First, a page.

Get a quote for repair from wherever you can and find a typical price for replacements in good condition. If the repair is more expensive than replacement then replace them and try to sell off the ones you have as faulty, someone will buy them for repair (I have obtained most of my lenses as faulty and fixed them myself). If repair is cheaper than replacement then gert them repaired.
I don't use my takumars as often as I should but they are undoubtely great lenses to own and use.
10-14-2009, 12:01 PM   #10
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Like I said before, these lenses look and feel better thn most of my M/A/FA. Lenses.
As i guess you can alredy tell by the tone od my post, I want these lenses.

It is just matter of economics. If I were in the States I would send them to Erik for an overhaul without hesitation. Though stange as it sounds, even though I am living in the home of the the Takumar I can't find anyone who is willing to even give me a quote, let alone start to work on cleaning this beautiful glass.
10-14-2009, 12:24 PM   #11
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If any members of the forum in Japan know of someone like Erik, in the States please let me know.
These lenses look cosmetically like new, they function mechanically like new. Unfortunately the optics are not in the same condition.

I have an LX and an ES desperately wanting of this glass.

Paul.
10-14-2009, 02:53 PM   #12
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QuoteOriginally posted by nikuyakun Quote
Thanks for the advice guys.
I recently tried to clean a Penatx SMC A 50mm 1.7 lens and it was a disaster.
I am too impatient and mechanically inept to attemt another repair job on any lens.
Far too many small screws and tiny springs.
Bear in mind that a Takumar does not have auto aperture on an A-lens, so the complicated springs and things will not be present. As long as the diaphragm is working well, you will probably have little to do with any of the mechanical bits.

I took apart a very old Super-Tak 28/3.5 to clean the fungus and it was not too difficult once I got the name plate to move. Actually that was the main problem. The lens was pristine and older than my 46 years (I am far from pristine...) and the name plate was a real pain to move. After I got it to move I could get most of the lens elements out to clean.

A couple of tips.

- Get the right tools. If you improvise then you are bound to scratch something.
- Take photos as you proceed. It makes it easier when you reassemble the lens.
- Decide a protocol of which way up a lens element is and stick to it. Place the elements on a clean surface (lens cloths) as you remove them, in order and the right way up. Some elements look symmetrical, but are you really sure?
- If an element has black paint on its edges be careful not to scratch it off. A Sharpie can be used for a reasonable repair for a scratch, but it is not as good as the matt black paint you've scratched off.
- Do the disassembly in a 'box', ie something with edges so that small screws that fall out don't end up on the floor and lost.
- Do it in a place with lots of light and if you are anywhere near my age, get a desk light with a magnifying glass.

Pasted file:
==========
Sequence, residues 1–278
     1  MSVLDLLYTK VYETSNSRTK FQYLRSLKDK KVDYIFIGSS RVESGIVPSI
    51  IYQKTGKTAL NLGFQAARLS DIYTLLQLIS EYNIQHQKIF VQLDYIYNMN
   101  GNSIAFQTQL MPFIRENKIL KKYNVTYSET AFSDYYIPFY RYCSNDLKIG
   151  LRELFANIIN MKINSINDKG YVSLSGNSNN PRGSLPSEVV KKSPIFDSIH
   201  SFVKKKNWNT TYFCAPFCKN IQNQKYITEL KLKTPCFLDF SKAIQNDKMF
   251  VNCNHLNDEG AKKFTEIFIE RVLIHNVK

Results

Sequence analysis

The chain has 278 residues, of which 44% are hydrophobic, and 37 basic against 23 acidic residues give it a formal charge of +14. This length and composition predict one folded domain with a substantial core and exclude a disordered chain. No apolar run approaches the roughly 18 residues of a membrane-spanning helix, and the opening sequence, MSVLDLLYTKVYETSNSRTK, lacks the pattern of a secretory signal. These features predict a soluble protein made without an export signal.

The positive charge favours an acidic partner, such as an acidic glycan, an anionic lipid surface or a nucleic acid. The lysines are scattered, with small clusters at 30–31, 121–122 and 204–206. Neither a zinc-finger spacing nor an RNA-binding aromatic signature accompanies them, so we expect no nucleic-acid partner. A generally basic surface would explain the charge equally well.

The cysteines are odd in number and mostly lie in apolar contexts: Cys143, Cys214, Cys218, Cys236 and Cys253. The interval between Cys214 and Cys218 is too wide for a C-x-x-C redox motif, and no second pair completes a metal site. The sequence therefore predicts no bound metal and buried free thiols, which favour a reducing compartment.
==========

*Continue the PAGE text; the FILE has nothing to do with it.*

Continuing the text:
- If you get near disassembly anything with a dente do the disassembly in a plastic bag, or better, don't do it at all. Too many times I have heard a ball bearing ping across the room and I have spent literally hours on my hands and knees scanning the floor with a magnet looking for the tiny ball and spring. (You find *lots* of old staples that way!)

Finally (and don't shout at me for saying this) although both lenses are very good, they are also rather cheap. It may be better just to buy them used and fungus-free off someone else. But with that in mind, perhaps you may be persuaded to learn the art of lens cleaning with the knowledge that it won't matter too much if you fail to re-assemble the lens.

Richard
10-14-2009, 04:52 PM   #13
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QuoteOriginally posted by nikuyakun Quote
I have heard great things about Erik in the U.S and would love to have him service the lenses.
But are they really worth me spending the repair cost plus the return shipping from Japan to the U.S? And I also have a lovely looking black enamel ES that has a minor problem that I would like Erik to take a look at.
Eric is a great guy and might offer you a range of cost for the work in advance of you shipping it. Simply email him at pentax27@aol.com and he will give you the real information. Find out the postage both ways in advance. If the total cost is less than the ebay cost of lenses in your condition you are good to go.

Make your decision from there.
10-14-2009, 05:43 PM   #14
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Try sending a PM to Mike Cash on the forums here. I believe if anyone knows someone in Japan that repairs Taks, he would be the one. He is the Takumar guru here !!!
10-14-2009, 06:37 PM   #15
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Keep in mind that the fungus can permanently mark the glass if left for a long time. Specifically, the enzymes it releases will etch the coatings and glass on the affected elements. Sounds like with the 135mm that might be the case. But, 135mm Takumars are the easiest and cheapest to find, so you might just want to go that route?